I agree in principle, but I believe ERs are legally bound to treat all comers.

    I am not talking about the legal obligation for ERs to treat all comers. I am talking about ERs separating actual emergency cases from nonemergency cases.

    There are roughly two possibilities:

    1. The emergency room is underutilized. In this case, the finances of the ER are improved by handling nonemergencies. And if they cost and bill them as nonemergencies, they might actually stand a chance of collecting some payment.

    2. The emergency room is overutilized. In this case, they should open a non-emergency room next door. No one who does not have an emergency will walk into the ER if there is a UCC next door. Again, charge what it costs, and you might collect.

    An overburdened ER simply should not happen. And if you charge $250 for a visit to the UCC next door, you are much more likely to collect than if you charge $925 for a non-emergency visit to the ER when it didn't cost anything close to that to provide the service.

  • ||

    This strikes me as playing pretty loose with the statistics. In addition to the valid points that B makes on the first post, there is also this to consider; the majority of healthcare spending in this country is spent on the elderly. Ilegals tend to be young and healthy. Since illegals are as a group younger than the average, it is not really accurate to compare their aggregate health costs to the aggregate health costs of the entire popultion. I would like to see a comparision of the health costs associated with illegals versus a native group of a similiar age range. Yeah, illegals may cost less now because they are younger, but how much does health care cost for them versus natives of the same age? Further, regardless of the health costs today the majority of the illegals are going to stay in this country and get old someday and the rest of us are going to be paying the bill. Thirty years from now when the country is face with paying for the retirement and elder care of the great immigrant wave of the 00s, that statistic will look a whole lot different.

  • ||

    But John,

    If Paperwork-Deprived America-Joiners actually are, in the aggregate, younger than the population as a whole, why would a normalized per-capita comparison matter?

  • ||

    In Mexico, if you give a cop $20, you can drive like Nicholas Cage in Leaving Las Vegas.

    So when they come up here, some Paisanos are surprised by our Gabacho attitudes toward driving drunk.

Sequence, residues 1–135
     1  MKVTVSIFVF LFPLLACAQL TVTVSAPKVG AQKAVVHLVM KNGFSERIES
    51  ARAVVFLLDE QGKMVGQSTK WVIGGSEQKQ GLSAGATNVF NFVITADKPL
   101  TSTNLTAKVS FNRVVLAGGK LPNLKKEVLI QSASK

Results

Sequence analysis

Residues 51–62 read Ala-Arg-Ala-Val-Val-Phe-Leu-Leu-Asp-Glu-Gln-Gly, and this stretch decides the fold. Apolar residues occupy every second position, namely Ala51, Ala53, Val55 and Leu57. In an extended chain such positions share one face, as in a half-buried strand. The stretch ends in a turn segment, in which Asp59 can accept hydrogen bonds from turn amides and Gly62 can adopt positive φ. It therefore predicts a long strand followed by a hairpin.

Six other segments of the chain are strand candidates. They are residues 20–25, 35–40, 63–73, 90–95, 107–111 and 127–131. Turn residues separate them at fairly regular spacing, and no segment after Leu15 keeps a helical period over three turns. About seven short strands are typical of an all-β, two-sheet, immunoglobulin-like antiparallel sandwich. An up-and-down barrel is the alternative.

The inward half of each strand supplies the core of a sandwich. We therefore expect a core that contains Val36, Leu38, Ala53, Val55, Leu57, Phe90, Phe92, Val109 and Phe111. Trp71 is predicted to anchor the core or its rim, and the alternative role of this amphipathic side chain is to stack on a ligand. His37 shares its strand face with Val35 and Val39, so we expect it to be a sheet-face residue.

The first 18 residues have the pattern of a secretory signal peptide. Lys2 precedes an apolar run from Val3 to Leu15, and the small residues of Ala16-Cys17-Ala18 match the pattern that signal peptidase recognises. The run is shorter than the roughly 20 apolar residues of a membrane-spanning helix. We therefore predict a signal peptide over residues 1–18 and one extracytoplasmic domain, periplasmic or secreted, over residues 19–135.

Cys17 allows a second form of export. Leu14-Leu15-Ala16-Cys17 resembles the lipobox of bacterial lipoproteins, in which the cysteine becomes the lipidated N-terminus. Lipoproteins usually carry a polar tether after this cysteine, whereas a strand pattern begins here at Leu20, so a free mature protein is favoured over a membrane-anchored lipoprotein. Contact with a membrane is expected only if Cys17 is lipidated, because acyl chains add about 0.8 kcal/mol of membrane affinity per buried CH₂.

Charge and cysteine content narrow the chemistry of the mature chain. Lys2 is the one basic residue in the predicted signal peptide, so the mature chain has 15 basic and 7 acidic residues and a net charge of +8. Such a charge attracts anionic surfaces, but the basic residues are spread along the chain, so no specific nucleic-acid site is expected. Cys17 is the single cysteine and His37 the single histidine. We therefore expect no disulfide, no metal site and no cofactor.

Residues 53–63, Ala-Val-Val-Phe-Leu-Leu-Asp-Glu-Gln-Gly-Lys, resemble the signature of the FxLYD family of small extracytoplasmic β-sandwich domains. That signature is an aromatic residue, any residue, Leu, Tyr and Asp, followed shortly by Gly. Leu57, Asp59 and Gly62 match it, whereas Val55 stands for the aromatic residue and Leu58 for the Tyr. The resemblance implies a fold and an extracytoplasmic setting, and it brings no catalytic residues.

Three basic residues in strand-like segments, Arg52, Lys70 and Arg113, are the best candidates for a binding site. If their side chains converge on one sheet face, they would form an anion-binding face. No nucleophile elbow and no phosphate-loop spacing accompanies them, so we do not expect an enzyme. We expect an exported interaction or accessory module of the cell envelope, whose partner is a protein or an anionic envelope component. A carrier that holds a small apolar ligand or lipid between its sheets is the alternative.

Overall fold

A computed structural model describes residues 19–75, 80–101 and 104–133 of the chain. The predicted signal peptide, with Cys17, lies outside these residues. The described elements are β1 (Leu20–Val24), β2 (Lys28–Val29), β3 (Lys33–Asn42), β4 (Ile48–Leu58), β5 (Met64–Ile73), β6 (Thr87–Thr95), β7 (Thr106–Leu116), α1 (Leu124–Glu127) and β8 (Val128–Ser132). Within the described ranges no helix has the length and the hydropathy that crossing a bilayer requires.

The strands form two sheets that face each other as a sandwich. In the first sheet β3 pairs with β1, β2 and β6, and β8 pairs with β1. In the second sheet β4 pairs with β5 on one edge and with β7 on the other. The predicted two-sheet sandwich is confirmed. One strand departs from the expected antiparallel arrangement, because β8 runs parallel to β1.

Recently, a paperwork-deprived America-joiner killed a couple people and injured some others after he drove after drinking a cerveza or 8.

    So the medical bills racked up by the US-born people that he hit fall under the 91.5%, right?

  • Andy||

    In addition to the very good points already made about both the age distribution of illegal immigrants versus others, and the regional concentration of the immigrant population, this data is so vague as to be functionally useless. With no definition of "healthcare spending", it leaves open the possibility that these statistics include elective procedures, dental procedures, and god knows what else. And by measuring it in cost, and not time, it says essentially nothing about the initial point you were trying to make.

    Choosing to pay for a brand-name drug or an additional procedure increases cost, but doesn't increase time or effort of emergency medical professionals, which is the implication you seem to be drawing with your whole discussion of stealing beds from grandma.

    In short, even IF that Foreign Policy article came to the conclusion it thinks it does, which it really doesn't seem to, it doesn't speak to distribution of emergency medical services, which is the point you seem to be trying to make.

  • ||

    Gee, it's a good think Americans don't cause any fatal auto accidents.

  • The Wine Commonsewer||

    Rand has played fast and loose with statistics in the past, I don't put any particular stock in anything they report, particularly when there are several other studies that come to different conclusions than this one.

  • ||

    The real question is - what percent of the 1.5% are the illegals paying themselves, and what percent are they asking the rest of us to pay for them? And how does this compare to legal residents?

    The stats in this study don't really tell you anything about the healthcare costs of illegals...

  • ||

    Do you count a paper-deprived woman giving birth under "illegal immigrant" health care spending?

    The kid would be an paper having American right? So, what 50-50?

  • ||

    It's a strange health care system where a woman from Mexico can cross the border and have a baby at the taxpayer's expense, but soldiers with their arms a legs blown off get lousey care.